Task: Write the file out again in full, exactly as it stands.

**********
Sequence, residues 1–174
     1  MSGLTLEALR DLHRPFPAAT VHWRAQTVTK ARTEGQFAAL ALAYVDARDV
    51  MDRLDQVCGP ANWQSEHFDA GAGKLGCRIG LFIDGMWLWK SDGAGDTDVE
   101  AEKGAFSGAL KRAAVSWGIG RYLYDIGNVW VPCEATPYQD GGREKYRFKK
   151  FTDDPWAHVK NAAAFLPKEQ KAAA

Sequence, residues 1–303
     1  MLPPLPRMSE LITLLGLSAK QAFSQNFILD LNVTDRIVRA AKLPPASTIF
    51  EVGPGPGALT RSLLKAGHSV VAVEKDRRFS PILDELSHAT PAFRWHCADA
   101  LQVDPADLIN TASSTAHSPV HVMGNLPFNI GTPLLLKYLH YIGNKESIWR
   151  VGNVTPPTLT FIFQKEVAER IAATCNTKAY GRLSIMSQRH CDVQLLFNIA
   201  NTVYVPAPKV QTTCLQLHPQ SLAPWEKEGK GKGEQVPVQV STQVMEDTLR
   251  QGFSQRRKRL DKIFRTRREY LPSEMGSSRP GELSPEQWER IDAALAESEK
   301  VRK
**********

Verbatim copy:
Sequence, residues 1–174
     1  MSGLTLEALR DLHRPFPAAT VHWRAQTVTK ARTEGQFAAL ALAYVDARDV
    51  MDRLDQVCGP ANWQSEHFDA GAGKLGCRIG LFIDGMWLWK SDGAGDTDVE
   101  AEKGAFSGAL KRAAVSWGIG RYLYDIGNVW VPCEATPYQD GGREKYRFKK
   151  FTDDPWAHVK NAAAFLPKEQ KAAA

Sequence, residues 1–303
     1  MLPPLPRMSE LITLLGLSAK QAFSQNFILD LNVTDRIVRA AKLPPASTIF
    51  EVGPGPGALT RSLLKAGHSV VAVEKDRRFS PILDELSHAT PAFRWHCADA
   101  LQVDPADLIN TASSTAHSPV HVMGNLPFNI GTPLLLKYLH YIGNKESIWR
   151  VGNVTPPTLT FIFQKEVAER IAATCNTKAY GRLSIMSQRH CDVQLLFNIA
   201  NTVYVPAPKV QTTCLQLHPQ SLAPWEKEGK GKGEQVPVQV STQVMEDTLR
   251  QGFSQRRKRL DKIFRTRREY LPSEMGSSRP GELSPEQWER IDAALAESEK
   301  VRK